It is no surprise why cryptocurrency has become attractive to many Africans, who are already familiar with concept of digital money wallets, according to financial experts.
1. Not a value store
Cryptocurrency is not without its challenges. Firstly, Bitcoin and others are not legal tenders in many African countries; many African central banks have clarified multiple times.
That means there is no safety valve if you lose from your crypto account. Converting local currencies into bitcoin is a complex process, often mediated by informal brokers.
Apart from being largely unregulated, cryptocurrency is very volatile in nature. Short-term investors are at risk of losing a hefty amount due to a downfall in crypto values.
For instance, the value of a bitcoin has skyrocketed since June 2020.
2019 to 2021 has been a remarkable period of growth for cryptocurrencies, especially bitcoin. The above line graph shows how one bitcoin’s value from USD 3500 has now reached close to USD 60,000. But this is half the story. Bitcoin values often plunged by 10% or more in quick succession, which can be detrimental for small investors in Africa.
Multiple factors make cryptocurrencies highly risky as a value store:
a. Bitcoin valuation
How do you determine a value of a share? – by looking at financial reports, balance sheets, income statements, and so on. But how about a bitcoin? There is no actual data to wrap your head around. There are only transaction sentiments that fuel the value of a bitcoin.
b. Utility or Usage problem
There are roughly 18.51 million Bitcoins in circulation, but only few investors hold almost 40% of the total supply. This means that a few million Bitcoin are actually available for transactions, which is relatively small compared to the global GDP, making it difficult to be used for transactions as per some experts.
Still, only a few businesses accept virtual currencies as payment.
b. The bubble can burst
There is always a risk of rapidly rising investment bubbles eventually burst. History suggests that every volatile asset has a higher risk of losing. Compared to other forms of investments, bitcoin is a highly volatile and risky investment that is not backed by anything & driven by sentiment.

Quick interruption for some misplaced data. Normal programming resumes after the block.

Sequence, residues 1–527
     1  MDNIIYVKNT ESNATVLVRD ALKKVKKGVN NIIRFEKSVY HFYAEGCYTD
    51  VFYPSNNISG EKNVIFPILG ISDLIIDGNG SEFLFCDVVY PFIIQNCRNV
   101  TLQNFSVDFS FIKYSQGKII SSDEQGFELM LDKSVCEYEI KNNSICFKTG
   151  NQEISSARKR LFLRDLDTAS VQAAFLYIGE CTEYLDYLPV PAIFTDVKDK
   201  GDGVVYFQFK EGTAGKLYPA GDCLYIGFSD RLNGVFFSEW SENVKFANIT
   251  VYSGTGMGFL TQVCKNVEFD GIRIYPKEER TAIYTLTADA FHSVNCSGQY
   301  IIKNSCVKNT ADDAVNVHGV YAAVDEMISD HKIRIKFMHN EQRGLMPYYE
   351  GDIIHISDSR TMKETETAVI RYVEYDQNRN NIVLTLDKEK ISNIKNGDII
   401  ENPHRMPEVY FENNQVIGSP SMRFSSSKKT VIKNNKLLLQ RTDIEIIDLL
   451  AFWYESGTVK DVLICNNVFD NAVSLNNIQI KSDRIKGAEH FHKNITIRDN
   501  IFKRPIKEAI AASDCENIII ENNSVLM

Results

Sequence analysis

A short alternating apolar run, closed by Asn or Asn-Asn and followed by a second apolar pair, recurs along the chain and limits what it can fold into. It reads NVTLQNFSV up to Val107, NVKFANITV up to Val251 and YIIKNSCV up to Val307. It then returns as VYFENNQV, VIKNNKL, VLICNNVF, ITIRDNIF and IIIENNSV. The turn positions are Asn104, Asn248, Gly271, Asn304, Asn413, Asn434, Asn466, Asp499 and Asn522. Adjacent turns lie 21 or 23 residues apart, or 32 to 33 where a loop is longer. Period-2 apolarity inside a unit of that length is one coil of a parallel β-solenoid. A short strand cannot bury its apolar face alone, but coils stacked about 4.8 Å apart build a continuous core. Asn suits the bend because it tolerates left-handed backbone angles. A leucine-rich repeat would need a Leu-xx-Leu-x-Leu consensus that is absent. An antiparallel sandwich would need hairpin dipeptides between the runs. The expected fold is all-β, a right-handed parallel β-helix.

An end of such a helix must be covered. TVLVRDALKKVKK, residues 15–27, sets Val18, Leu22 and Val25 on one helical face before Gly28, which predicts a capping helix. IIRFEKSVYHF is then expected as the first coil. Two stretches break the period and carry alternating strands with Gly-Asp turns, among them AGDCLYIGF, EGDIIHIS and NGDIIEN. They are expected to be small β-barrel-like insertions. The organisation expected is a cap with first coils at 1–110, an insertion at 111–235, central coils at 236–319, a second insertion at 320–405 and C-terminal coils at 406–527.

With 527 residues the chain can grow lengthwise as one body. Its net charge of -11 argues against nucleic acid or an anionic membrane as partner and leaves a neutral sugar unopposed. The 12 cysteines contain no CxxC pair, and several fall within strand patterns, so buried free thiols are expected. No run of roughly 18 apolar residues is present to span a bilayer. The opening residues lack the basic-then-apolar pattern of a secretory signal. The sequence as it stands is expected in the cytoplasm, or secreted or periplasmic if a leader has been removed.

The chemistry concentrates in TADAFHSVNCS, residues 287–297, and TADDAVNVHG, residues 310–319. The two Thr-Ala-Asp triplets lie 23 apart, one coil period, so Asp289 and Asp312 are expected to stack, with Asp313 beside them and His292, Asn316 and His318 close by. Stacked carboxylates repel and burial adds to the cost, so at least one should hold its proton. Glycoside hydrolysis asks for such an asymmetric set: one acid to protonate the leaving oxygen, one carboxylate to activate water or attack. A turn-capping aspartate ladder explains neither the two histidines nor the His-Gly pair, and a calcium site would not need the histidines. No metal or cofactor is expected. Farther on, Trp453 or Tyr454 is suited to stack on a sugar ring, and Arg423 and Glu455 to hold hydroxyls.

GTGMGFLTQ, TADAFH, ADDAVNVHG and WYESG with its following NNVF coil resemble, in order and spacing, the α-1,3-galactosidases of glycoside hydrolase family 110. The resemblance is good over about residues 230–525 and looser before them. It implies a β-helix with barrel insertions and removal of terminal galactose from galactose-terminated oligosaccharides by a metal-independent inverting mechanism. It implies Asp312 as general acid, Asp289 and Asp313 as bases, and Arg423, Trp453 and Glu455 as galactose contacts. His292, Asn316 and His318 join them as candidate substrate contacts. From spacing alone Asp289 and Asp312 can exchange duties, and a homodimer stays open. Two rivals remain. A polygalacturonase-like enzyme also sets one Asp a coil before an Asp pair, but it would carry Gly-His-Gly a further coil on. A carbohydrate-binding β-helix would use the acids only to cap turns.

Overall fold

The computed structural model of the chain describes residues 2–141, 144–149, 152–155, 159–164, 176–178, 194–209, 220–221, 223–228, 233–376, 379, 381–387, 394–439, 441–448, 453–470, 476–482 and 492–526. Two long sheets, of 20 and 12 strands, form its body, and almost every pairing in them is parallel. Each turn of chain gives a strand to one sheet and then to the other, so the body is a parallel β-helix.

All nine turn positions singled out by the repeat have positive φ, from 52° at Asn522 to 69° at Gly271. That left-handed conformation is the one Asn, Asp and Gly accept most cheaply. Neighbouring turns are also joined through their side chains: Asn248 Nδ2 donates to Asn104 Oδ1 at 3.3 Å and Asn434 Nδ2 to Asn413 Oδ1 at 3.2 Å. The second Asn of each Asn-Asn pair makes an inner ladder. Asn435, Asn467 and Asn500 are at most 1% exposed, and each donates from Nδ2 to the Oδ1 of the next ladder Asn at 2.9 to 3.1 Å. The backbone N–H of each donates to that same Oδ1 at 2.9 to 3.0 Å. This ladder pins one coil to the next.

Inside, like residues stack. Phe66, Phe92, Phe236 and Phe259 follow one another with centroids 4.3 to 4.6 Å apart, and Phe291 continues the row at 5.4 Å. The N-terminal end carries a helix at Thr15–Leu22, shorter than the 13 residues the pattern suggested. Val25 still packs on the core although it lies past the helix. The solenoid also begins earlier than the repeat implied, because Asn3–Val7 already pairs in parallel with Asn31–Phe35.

2. Financial scams
According to Trade Forex Kenya, most of the people in Kenya, Nigeria & other African countries are interested in cryptos because they see them as a lucrative investment with high potential returns. Many Africans easily fall for scams such as MMM, that promise high returns & regular income. There has been a significant rise in number of fake crypto trading & similar scam websites that promise returns in the name of crypto & other financial investments.
Central Bank of Nigeria (CBN) issued statement that cryptocurrencies are increasingly being used for money laundering and other illegal activities.
People with no experience in blockchain technology or understanding of cryptocurrencies are at a higher risk of falling prey to crypto-scams or investing through the wrong channels. It’s easier for people with some background in technology, but a vast section of African crypto traders is attracted towards lucrative returns rather than underlying technology.
There are currently no regulators for cryptocurrency in most countries, and this poses a severe risk for ordinary investors. There is no escape route or way of getting the money back once the virtual currency crashes or there is some scam.
Many regulators see cryptocurrencies as an economic risk to their country.
In Feb 2021, the Nigerian Central Bank instructed the commercial banks and other financial institutions to close accounts dealing in currencies, citing cryptocurrency as a threat to the Nigerian financial system. It has some truths because there is no way to find where the cryptocurrency originated; anonymity is a big concern for regulatory authorities worldwide.